Over the years I have rid myself of many ‘guilty pleasures’ that had overstayed their welcome. As I get older what I give up certainly looks tamer as I leave the big ones behind and tackle less ominous ‘habits’.
One thing I will not give up though is the slate of original shows on the USA Network. I like them all but I can’t watch them all (I do have a semblance of a life, you know ) but two in particular have me hooked. ‘Suits’ because it’s a reasonably intelligent and pretty funny send-up of a high powered Ivy League heavy law firm. The other, Necessary Roughness, is about football. I ask you, how can that be bad? (Be nice.)
Well, last night’s episode of Necessary Roughness was of special interest because of its focus on social media. USA Network does a nice job of incorporating social media hooks to expand the show experience but one of the show’s actual storylines from this episode showed the potential dangers of outsourcing your social media voice.
It was clever in that it showed an aging athlete struggling to be relevant in an increasingly social media driven sports world but not really understanding the use of Twitter to promote his career. In the meantime he is taking a social media beat down by another player. So how is the problem solved? With his ego bruised he hires a Columbia journalism grad who promises him that he will have him trending throughout the universe. The character is a true caricature of the social media guru. Every other word a buzzword. Fast talking. Overly confident. You know the type.
So as not to be too much of a spoiler, his outsourced voice gets him into trouble that ends up in the picture below.
It was actually an interesting lesson in just how social media is viewed by those who depend on it but don’t understand it. It also shows that in essence, the cat is out of the bag. The writers have seen enough to know that what they were showing was current and reasonably accurate. Thus their portrayal of the social media industry comes off as less than flattering and something that should be noted as a potential problem.
If you have some spare time and can run past the commercials it might worth a look simply from a social media practitioners point of view. It’s a bit painful in how the show’s writers lampoon not only social media but the Millenials that think they actually know how it all fits in the world. Once again, though, the truth hurts.
So on a practical level what does this fictionally cautionary tale say about the world of social media outsourcing? Here’s a few quick points. First from the client side.
1. If you are outsourcing your voice you may need to be more vigilant than if you just did it yourself – No one knows you or your brand / product / service than yourself or others who work directly with it. Outsourcing your social media voice can be risky business. If you don’t watch everything that is being said, or better yet approve it before it goes live, you are rolling the interactive dice. Coming up snake eyes in social media could mean you lose your reputation.
2. If you don’t understand social media it’s a bad idea to just hand it off to an ‘expert’ – You have to have knowledge of how social media works even if you are outsourcing it. If we haven’t learned from the SEO vultures that feed off the ignorance of clients who blindly trust what the ‘expert’ says then social media will be doomed to the same ill-fated reputation.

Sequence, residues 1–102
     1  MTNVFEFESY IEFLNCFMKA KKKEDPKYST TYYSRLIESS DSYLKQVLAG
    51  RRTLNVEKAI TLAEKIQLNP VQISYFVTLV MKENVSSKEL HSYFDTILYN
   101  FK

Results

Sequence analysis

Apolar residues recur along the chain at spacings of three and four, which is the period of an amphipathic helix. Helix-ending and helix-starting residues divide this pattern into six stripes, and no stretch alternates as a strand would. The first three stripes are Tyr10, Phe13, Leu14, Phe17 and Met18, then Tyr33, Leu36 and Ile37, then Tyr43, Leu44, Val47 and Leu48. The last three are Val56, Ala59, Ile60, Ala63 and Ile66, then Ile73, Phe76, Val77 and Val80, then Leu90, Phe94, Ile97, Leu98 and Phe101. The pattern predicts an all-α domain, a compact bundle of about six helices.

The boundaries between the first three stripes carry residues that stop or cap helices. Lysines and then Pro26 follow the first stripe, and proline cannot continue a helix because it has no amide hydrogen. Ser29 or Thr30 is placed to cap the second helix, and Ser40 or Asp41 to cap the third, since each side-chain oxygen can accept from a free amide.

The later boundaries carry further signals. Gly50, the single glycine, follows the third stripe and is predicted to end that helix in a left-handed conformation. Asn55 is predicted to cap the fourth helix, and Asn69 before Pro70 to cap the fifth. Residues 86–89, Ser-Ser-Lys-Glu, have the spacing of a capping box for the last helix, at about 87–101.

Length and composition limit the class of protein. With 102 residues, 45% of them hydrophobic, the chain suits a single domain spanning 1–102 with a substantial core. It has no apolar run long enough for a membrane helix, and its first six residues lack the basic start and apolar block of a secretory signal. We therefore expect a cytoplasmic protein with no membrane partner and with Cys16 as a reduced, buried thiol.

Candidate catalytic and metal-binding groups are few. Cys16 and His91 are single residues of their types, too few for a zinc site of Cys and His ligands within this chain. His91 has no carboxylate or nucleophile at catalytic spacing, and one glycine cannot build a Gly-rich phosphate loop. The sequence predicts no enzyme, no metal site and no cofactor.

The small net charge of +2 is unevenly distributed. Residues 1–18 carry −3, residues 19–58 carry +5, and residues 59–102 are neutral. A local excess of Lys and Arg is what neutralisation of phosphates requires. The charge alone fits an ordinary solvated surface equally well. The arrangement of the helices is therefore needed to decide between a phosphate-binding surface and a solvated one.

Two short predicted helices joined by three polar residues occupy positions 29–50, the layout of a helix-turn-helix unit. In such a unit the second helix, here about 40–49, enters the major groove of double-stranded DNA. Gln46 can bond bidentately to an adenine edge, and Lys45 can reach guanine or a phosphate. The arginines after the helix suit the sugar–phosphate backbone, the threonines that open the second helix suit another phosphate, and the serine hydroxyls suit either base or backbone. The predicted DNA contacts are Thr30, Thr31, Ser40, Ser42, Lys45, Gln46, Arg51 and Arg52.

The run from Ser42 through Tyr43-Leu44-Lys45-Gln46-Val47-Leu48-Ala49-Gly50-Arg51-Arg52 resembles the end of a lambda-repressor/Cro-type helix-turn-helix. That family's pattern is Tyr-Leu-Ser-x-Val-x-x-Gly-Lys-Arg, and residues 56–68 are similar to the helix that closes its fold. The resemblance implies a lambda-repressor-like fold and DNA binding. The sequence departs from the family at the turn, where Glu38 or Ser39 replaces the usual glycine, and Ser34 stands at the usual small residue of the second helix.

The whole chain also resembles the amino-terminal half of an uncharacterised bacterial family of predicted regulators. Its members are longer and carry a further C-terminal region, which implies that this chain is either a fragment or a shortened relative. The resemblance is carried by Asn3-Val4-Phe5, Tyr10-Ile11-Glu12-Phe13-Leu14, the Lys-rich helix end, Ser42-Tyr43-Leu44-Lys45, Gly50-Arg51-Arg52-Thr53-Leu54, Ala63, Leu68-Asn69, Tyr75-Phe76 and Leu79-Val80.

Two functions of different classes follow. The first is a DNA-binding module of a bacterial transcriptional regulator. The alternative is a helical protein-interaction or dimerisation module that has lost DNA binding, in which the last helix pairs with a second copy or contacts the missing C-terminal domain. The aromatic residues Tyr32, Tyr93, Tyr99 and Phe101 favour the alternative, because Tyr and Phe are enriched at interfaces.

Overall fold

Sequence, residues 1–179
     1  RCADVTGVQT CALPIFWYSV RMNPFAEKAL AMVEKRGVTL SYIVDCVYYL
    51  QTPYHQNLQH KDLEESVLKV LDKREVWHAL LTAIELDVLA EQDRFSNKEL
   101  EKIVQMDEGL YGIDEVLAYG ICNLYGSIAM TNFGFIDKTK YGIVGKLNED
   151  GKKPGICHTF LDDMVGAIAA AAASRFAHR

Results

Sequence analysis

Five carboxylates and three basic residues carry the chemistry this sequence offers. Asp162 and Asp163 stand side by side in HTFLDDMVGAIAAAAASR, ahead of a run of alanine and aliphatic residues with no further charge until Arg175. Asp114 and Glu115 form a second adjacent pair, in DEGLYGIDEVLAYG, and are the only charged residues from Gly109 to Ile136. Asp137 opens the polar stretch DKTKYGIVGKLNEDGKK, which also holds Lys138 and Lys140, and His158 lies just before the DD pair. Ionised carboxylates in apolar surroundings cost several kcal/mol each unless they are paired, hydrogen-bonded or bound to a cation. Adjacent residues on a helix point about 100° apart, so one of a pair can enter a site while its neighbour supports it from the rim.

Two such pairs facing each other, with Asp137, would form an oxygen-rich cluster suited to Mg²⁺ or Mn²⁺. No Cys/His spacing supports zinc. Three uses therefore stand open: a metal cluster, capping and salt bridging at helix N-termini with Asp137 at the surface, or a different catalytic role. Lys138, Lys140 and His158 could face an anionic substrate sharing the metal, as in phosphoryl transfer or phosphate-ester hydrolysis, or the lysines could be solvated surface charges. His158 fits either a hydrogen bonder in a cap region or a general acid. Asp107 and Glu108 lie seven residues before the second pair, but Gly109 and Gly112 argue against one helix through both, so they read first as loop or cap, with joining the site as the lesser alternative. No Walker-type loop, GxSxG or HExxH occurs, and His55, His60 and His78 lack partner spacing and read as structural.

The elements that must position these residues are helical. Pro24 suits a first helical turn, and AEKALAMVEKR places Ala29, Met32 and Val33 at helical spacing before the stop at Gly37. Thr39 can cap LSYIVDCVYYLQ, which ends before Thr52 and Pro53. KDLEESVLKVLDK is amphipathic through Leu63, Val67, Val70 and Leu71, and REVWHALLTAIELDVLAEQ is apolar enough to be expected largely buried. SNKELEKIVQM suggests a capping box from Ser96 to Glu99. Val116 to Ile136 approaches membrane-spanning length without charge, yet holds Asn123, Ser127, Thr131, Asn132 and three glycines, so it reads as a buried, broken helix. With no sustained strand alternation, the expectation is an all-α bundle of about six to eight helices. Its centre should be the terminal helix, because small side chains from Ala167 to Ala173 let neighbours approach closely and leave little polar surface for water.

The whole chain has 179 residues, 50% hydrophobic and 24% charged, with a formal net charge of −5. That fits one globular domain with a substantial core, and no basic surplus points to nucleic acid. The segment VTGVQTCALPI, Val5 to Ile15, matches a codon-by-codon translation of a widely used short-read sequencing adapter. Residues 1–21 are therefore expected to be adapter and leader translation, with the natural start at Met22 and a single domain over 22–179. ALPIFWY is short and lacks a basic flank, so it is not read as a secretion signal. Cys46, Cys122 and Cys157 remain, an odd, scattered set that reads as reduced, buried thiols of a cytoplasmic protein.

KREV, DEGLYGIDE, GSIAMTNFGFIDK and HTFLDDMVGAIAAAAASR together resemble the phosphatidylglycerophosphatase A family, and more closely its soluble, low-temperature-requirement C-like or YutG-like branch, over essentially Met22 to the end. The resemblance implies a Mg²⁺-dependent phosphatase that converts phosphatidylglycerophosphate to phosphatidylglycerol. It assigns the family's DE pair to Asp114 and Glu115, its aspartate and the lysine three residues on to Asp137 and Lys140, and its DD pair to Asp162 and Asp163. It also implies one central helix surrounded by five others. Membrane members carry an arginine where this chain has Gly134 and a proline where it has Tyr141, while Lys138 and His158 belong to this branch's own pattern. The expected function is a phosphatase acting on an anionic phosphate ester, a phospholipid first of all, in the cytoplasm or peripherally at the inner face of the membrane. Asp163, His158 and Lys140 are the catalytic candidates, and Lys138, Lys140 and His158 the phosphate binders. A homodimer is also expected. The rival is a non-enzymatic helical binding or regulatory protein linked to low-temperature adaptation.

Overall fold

3. Be careful who you hire because your best interest may not be the same as theirs – This is a common sense suggestion but there is more than enough anecdotal evidence in the early years of social media to show that ‘experts’ are often out to sell more without much concern for client overlap.
4. If it smells like a used car salesman it likely is one – If you are being wooed by a social media agency or guru that buries good business discussion in a wave of buzzwords then you could very well be heading for a bad result. Smarmy is smarmy and the social media space is spawning some of the smarmiest of them all when it comes to ninjas, gurus, rock stars and the like.
5. Really, really, really think hard about outsourcing your social media voice – There are so many risks in handing off your social media work to someone other than yourself or a team member that the benefits of outsourcing (time saved, reduced staffing costs etc) don’t make sense in light of potential downside.
Now from the industry side –
1. The industry’s reputation needs some management – If the image of what a social media consultant is like and actually does is indicative of how people view the industry, there is trouble ahead. Self-policing and continuing education of end users can go a long way towards keeping this kind of image out of the public eye.
2. Should an ethical social media practitioner represent more than one client in the same vertical? – In short no. The trouble is that oftentimes a vertical specialist can bring more to the table by knowing more about the vertical. But representing competitors? That’s playing with social media fire.
3. Do we really see how silly we look with our industry jargon? – Buzzwords suck and they make people look foolish. That is unless they are used to make a business point and not just to baffle someone with BS.
4. Does being hip and cool wind up in doing good, long term business that is sustainable? – Not likely. Hip and cool are fads and trends. Fads and trends come and go thus it may be fair to surmise that so does hip and cool. How about aiming for smart, insightful and effective? Now that’s a business.
There are likely to be many, many more risks from both sides of the ledger than just these few listed. If you wouldn’t mind sharing, why don’t you let your voice be heard in the comments. Now, if you have outsourced that part of your business and your ‘ghost-tweeter’ makes you look foolish then that’s on you. If you are writing for someone else you may want to watch your step.